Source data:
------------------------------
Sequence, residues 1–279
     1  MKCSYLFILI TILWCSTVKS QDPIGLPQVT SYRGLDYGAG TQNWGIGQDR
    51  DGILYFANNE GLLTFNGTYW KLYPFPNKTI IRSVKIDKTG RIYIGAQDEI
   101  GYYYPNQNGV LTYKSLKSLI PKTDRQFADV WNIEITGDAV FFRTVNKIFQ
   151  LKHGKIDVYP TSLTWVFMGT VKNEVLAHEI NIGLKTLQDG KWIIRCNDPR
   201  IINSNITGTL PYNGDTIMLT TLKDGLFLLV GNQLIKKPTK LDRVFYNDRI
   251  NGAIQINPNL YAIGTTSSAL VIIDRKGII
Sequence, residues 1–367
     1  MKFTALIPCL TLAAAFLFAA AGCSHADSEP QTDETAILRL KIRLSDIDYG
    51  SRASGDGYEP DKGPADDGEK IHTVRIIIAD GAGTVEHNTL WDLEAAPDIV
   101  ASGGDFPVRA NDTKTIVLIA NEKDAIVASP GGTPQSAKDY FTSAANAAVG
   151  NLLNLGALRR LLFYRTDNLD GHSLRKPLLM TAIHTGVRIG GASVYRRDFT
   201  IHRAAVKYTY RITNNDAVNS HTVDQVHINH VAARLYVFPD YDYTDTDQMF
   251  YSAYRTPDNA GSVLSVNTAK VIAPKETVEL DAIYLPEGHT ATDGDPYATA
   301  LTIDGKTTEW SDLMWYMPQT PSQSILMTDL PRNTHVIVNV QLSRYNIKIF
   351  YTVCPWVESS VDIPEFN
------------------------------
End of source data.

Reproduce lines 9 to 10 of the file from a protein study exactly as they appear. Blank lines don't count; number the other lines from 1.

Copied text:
     1  MKFTALIPCL TLAAAFLFAA AGCSHADSEP QTDETAILRL KIRLSDIDYG
    51  SRASGDGYEP DKGPADDGEK IHTVRIIIAD GAGTVEHNTL WDLEAAPDIV